Ice skating show uses science to create breathtaking effects and performance
Each ice show is accompanied by a choreography that encompasses dancing, jumps and pirouettes. Two-time Olympic medalist Nancy Kerrigan has the tireless perseverance and athleticism that captivates you with every move.
“People don’t realize that even though it’s a small area it’s real ice cream and they don’t realize how fast we’re going,” she said.
News 12’s Meredith Garofalo said that before the blades even hit the ice, we need to go back in time with the science that makes it all possible.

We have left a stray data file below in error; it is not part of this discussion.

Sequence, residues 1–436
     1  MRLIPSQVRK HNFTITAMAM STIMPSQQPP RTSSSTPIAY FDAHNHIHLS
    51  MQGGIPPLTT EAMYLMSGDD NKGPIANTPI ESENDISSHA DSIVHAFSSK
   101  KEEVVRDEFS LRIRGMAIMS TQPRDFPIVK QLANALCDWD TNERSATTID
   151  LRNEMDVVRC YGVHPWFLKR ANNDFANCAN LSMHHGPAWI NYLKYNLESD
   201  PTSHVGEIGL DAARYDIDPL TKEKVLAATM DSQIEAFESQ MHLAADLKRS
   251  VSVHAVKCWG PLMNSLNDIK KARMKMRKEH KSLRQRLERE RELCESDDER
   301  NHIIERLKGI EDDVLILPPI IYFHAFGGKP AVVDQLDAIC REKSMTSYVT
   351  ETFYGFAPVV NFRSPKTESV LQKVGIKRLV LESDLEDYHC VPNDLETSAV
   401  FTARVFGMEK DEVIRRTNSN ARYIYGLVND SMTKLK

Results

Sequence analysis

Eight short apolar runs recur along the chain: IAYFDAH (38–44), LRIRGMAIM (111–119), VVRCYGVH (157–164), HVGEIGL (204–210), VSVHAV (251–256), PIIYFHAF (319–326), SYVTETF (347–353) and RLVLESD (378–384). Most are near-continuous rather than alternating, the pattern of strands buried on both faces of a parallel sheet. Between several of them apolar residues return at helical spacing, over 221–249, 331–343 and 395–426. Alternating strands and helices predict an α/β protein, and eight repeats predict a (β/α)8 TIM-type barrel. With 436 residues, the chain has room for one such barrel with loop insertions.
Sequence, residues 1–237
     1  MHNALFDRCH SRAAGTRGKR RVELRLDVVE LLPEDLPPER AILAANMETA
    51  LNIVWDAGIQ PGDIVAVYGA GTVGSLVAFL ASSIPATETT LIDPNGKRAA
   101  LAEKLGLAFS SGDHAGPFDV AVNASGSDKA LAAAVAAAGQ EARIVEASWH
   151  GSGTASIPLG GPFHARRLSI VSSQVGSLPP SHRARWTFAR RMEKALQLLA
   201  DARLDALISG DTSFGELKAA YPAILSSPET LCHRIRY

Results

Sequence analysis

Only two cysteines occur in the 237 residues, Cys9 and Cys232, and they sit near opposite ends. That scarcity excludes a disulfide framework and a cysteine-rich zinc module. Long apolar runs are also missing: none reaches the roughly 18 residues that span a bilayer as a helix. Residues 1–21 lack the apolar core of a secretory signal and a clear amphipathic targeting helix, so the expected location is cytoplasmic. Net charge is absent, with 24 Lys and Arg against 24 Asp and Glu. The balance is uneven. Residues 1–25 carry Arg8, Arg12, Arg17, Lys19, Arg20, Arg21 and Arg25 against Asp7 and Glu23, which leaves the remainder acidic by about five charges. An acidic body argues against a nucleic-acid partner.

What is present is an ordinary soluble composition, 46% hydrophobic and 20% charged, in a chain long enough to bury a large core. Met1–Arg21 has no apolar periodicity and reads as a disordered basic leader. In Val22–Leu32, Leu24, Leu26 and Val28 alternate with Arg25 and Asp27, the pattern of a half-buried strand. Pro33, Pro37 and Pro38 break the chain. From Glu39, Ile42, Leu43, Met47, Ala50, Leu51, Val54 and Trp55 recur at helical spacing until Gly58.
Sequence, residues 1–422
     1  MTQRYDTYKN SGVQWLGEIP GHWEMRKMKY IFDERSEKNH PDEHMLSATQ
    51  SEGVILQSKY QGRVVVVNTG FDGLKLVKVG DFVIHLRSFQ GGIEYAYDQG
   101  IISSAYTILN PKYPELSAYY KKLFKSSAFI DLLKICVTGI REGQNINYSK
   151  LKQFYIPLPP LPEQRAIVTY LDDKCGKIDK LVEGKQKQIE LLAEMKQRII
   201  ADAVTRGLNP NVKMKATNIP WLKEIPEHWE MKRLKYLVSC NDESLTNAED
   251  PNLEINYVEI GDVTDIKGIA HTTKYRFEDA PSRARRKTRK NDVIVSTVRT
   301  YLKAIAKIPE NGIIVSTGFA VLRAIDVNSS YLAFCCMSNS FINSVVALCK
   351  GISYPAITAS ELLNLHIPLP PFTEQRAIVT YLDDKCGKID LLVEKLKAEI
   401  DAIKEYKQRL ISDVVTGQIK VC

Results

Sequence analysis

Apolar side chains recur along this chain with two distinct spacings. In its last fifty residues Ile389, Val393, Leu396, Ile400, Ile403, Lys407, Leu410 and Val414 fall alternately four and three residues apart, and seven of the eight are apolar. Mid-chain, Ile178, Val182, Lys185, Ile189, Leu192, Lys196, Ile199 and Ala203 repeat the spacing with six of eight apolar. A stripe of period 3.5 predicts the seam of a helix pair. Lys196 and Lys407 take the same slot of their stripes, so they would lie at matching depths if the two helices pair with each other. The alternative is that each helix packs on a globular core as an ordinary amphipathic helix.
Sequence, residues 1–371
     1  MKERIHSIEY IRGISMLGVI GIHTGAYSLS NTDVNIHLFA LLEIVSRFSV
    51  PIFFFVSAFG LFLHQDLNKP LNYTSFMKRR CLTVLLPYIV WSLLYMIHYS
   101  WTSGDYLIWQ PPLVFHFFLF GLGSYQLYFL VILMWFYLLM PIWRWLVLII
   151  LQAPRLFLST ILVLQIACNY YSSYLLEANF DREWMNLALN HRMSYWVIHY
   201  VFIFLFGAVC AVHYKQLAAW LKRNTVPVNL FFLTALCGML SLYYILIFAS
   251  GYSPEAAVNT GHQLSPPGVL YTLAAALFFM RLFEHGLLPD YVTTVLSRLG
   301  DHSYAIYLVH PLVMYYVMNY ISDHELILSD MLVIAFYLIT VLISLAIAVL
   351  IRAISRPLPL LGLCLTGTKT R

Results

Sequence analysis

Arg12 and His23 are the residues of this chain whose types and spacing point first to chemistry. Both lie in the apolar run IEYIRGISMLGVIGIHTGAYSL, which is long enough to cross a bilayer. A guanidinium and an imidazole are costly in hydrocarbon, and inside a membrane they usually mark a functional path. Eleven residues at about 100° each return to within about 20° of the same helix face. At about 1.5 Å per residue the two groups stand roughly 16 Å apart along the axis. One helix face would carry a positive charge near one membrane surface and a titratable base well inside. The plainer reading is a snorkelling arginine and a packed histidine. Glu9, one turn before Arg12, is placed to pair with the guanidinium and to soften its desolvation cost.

It begins with the creation of an ice rink that may exist within a theater.
“This involves first laying styrofoam, solar collector mats, tiny capillary tubes going through them. The glycol is cooled on the outside by a cooler that we have in a semi-trailer,” explains The Gateway’s Executive Artistic Director, Paul Allan.
This is what keeps the ice frozen, regardless of the temperature inside the theater.
To make the snow that falls in the theater – we go back to chemistry class.
“It goes through compressors and fans and dissipates, so the particles fall down as snowflakes and it really looks like real snow,” says Allan.
The gangway also creates fog by combining heat, hot water and liquid nitrogen.
“Because the ice is so cold, the fog naturally falls very low and forms a nice cloud cover to skate through,” explains Allan.